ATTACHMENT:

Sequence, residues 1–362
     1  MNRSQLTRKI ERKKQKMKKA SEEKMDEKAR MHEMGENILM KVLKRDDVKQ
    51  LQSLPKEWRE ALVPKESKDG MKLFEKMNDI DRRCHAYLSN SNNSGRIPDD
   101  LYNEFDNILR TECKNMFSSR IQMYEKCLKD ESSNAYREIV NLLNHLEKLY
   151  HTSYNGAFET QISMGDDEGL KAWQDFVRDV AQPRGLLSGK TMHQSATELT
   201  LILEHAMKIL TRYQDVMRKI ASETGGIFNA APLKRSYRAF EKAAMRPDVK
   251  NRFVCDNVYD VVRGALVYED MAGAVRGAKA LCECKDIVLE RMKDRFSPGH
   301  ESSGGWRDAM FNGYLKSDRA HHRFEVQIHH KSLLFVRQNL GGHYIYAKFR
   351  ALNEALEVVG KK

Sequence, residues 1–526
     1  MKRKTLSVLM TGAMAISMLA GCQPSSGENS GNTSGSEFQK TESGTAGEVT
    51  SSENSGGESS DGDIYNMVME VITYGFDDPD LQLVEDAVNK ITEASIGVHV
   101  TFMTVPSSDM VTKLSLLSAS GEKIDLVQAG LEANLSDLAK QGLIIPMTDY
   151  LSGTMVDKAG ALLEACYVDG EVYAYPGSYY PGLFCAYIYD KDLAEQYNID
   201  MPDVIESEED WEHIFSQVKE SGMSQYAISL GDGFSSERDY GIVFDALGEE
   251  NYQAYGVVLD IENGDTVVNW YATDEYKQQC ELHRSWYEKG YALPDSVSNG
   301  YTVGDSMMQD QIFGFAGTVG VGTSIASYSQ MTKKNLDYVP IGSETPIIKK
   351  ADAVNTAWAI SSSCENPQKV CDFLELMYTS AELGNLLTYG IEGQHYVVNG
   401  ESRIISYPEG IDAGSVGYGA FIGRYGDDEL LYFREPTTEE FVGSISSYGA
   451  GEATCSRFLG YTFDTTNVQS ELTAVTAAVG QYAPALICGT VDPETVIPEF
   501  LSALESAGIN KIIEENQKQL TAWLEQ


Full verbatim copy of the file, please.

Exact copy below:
Sequence, residues 1–362
     1  MNRSQLTRKI ERKKQKMKKA SEEKMDEKAR MHEMGENILM KVLKRDDVKQ
    51  LQSLPKEWRE ALVPKESKDG MKLFEKMNDI DRRCHAYLSN SNNSGRIPDD
   101  LYNEFDNILR TECKNMFSSR IQMYEKCLKD ESSNAYREIV NLLNHLEKLY
   151  HTSYNGAFET QISMGDDEGL KAWQDFVRDV AQPRGLLSGK TMHQSATELT
   201  LILEHAMKIL TRYQDVMRKI ASETGGIFNA APLKRSYRAF EKAAMRPDVK
   251  NRFVCDNVYD VVRGALVYED MAGAVRGAKA LCECKDIVLE RMKDRFSPGH
   301  ESSGGWRDAM FNGYLKSDRA HHRFEVQIHH KSLLFVRQNL GGHYIYAKFR
   351  ALNEALEVVG KK

Sequence, residues 1–526
     1  MKRKTLSVLM TGAMAISMLA GCQPSSGENS GNTSGSEFQK TESGTAGEVT
    51  SSENSGGESS DGDIYNMVME VITYGFDDPD LQLVEDAVNK ITEASIGVHV
   101  TFMTVPSSDM VTKLSLLSAS GEKIDLVQAG LEANLSDLAK QGLIIPMTDY
   151  LSGTMVDKAG ALLEACYVDG EVYAYPGSYY PGLFCAYIYD KDLAEQYNID
   201  MPDVIESEED WEHIFSQVKE SGMSQYAISL GDGFSSERDY GIVFDALGEE
   251  NYQAYGVVLD IENGDTVVNW YATDEYKQQC ELHRSWYEKG YALPDSVSNG
   301  YTVGDSMMQD QIFGFAGTVG VGTSIASYSQ MTKKNLDYVP IGSETPIIKK
   351  ADAVNTAWAI SSSCENPQKV CDFLELMYTS AELGNLLTYG IEGQHYVVNG
   401  ESRIISYPEG IDAGSVGYGA FIGRYGDDEL LYFREPTTEE FVGSISSYGA
   451  GEATCSRFLG YTFDTTNVQS ELTAVTAAVG QYAPALICGT VDPETVIPEF
   501  LSALESAGIN KIIEENQKQL TAWLEQ